Recently I had lunch with a client. She made a small comment that hit me big, like a right hook to my mind.
She said, “Excellence is boring.”
She went on: “I just read an article that said people who do great things keep a singular focus. They stick with one idea, building a deep expertise. They get up every day, always searching for a small advancement, an incremental improvement. In that way, excellence is boring.”
This stuck with me. It’s a powerful way to look at excellence. While I had never thought of excellence as being boring, I had noticed I admired people for focusing on one thing, once they found their one thing.
I thought of Stan Musial, playing every year for the St. Louis Cardinals, and being named to a record twenty-four All-Star games. Same team, same approach. Excellence is boring.
Then I thought of Amy Eubanks, my daughter’s high school cross country coach. In twenty-six years of coaching, she’s won the state championship twenty-one times. She uses the same workouts on the same days, every single year. She has a system. Excellence is boring.
Then I thought of my Grandfather, Ralph Goodrich, a long-time staple of Stuben County, Indiana. He graduated high school with no assets to speak of, worked hard as a laborer to save money, and bought a farm with my Grandmother in 1943. Only five years later they were showcased as one of the most efficient farms in Indiana. Excellence is boring.
Ralph raised the same trustworthy crops on his 140 acres every season, always learning, always looking to tweak his mix. He created sophisticated models of prices and yield, and kept records of every crop. He analyzed them annually, always looking to improve. Excellence is boring.
Ralph invested in the best breeds, paying more in the beginning, but getting a better return in the end. Buying Guernsey cows, White Rock chickens and Chester White pigs was expensive but wise. His farm produced far more than his peers. Excellence is boring.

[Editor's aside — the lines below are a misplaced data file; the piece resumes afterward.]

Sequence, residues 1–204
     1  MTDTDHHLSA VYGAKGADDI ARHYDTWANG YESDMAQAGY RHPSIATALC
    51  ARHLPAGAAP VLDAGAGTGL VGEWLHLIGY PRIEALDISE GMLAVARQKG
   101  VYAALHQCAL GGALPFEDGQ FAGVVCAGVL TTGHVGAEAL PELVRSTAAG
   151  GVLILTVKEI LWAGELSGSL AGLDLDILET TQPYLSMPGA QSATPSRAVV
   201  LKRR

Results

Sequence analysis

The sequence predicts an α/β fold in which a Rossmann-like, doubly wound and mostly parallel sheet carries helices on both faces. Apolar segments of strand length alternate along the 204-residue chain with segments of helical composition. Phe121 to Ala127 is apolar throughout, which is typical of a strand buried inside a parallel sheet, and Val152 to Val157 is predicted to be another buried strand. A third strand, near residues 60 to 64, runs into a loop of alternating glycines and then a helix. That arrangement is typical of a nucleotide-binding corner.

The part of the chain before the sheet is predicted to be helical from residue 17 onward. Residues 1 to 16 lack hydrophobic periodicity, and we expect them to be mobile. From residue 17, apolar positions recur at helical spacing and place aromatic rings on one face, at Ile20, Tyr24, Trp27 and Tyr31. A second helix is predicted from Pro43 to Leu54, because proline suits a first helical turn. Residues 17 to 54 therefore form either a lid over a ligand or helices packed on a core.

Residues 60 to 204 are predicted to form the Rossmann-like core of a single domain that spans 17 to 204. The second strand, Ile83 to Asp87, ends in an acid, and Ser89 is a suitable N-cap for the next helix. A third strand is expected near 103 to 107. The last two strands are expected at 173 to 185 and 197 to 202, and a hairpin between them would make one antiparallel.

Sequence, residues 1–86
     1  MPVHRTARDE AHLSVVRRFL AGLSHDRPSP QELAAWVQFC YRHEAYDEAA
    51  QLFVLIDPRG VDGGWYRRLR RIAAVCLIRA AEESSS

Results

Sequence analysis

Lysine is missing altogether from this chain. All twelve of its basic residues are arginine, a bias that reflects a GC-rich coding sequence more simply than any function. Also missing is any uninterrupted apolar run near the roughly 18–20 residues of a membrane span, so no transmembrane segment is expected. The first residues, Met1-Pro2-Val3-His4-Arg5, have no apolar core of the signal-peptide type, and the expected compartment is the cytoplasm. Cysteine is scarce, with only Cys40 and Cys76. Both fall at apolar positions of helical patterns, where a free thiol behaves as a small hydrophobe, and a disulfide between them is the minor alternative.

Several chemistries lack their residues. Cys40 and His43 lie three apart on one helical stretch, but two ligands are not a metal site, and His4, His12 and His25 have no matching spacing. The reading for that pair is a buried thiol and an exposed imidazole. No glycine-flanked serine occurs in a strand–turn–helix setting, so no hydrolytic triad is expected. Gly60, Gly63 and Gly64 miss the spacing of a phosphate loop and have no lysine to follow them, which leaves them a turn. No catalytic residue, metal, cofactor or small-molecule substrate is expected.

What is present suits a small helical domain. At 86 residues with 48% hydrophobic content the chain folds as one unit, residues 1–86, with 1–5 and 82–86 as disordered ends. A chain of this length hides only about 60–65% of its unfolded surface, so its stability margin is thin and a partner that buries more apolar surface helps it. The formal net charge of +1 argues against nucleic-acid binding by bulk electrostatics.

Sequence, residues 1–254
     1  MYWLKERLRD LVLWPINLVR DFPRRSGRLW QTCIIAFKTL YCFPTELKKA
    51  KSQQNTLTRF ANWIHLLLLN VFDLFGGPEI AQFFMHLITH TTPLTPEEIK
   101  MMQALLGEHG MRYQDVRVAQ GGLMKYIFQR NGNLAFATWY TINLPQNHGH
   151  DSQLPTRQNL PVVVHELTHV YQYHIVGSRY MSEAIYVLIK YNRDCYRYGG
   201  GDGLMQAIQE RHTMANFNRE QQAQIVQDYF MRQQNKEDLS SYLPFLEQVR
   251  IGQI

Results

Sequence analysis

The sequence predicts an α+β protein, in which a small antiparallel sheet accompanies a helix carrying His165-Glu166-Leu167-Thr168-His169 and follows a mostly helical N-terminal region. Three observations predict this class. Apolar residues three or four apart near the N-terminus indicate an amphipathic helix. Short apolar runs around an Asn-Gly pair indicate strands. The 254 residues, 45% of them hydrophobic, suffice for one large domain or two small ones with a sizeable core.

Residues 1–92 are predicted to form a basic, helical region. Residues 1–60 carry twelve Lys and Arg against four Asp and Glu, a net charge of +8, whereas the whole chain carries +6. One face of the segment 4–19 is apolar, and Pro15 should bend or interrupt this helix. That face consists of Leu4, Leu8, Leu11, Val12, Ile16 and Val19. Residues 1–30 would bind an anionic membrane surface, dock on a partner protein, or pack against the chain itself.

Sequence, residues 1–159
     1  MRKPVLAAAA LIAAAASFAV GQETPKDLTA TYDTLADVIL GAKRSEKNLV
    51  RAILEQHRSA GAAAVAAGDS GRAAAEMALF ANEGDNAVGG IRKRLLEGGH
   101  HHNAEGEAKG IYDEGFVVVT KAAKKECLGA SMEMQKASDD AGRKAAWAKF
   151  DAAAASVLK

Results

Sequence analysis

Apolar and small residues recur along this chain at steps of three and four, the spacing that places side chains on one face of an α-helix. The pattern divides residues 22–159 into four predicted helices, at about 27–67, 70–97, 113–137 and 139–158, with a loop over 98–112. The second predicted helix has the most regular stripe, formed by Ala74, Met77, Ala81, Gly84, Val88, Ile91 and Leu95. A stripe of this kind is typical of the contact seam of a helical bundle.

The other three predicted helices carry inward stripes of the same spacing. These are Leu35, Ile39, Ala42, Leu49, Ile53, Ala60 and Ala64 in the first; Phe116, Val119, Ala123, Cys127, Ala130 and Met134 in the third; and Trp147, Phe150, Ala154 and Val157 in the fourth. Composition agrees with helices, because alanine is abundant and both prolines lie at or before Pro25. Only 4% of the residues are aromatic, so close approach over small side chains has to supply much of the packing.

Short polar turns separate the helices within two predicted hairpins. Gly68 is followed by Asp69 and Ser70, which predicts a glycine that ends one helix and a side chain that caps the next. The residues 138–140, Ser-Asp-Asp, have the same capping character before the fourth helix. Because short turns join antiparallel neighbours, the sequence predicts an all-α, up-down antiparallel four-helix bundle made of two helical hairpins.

Ralph invested in machines, which blows me away. Unheard of at the time, he used more than twelve electrical motors to automate his work. His milk cooler, cream separator, and welder were among the first in the county. He was always looking for efficiencies and included the value of his own time in his calculations. Excellence is boring.
Their results were exceptional. Ralph and Lois bought the farm with their own savings, barely enough to make the deal work, and they paid off the debt in less than five years. Ralph continued to buy land until he died, ever expanding the operation, ever increasing his efficiency. He was always changing, always improving. Excellence is boring.
Maybe showing up every day, working on the same things is boring. Maybe excellence is boring.
Or maybe it just appears boring from the outside. From the inside, constantly improving a singular focus makes the smallest things important, even exciting. Every improvement, worth celebration. Every advancement, worth reflection. Every tweak, worth monitoring. Every day is a chance to improve.
From the outside, watching people pursue excellence might appear boring. But from the inside, it’s different. Excellence is thrilling.